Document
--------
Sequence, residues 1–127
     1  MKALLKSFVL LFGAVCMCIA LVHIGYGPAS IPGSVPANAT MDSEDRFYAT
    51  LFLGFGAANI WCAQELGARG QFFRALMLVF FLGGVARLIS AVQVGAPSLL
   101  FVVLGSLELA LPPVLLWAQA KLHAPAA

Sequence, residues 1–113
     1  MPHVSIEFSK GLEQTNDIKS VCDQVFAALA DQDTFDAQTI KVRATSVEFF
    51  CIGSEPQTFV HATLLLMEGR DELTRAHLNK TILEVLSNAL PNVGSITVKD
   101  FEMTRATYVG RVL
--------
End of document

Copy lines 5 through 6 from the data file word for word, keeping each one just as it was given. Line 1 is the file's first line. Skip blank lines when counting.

Sequence, residues 1–113
     1  MPHVSIEFSK GLEQTNDIKS VCDQVFAALA DQDTFDAQTI KVRATSVEFF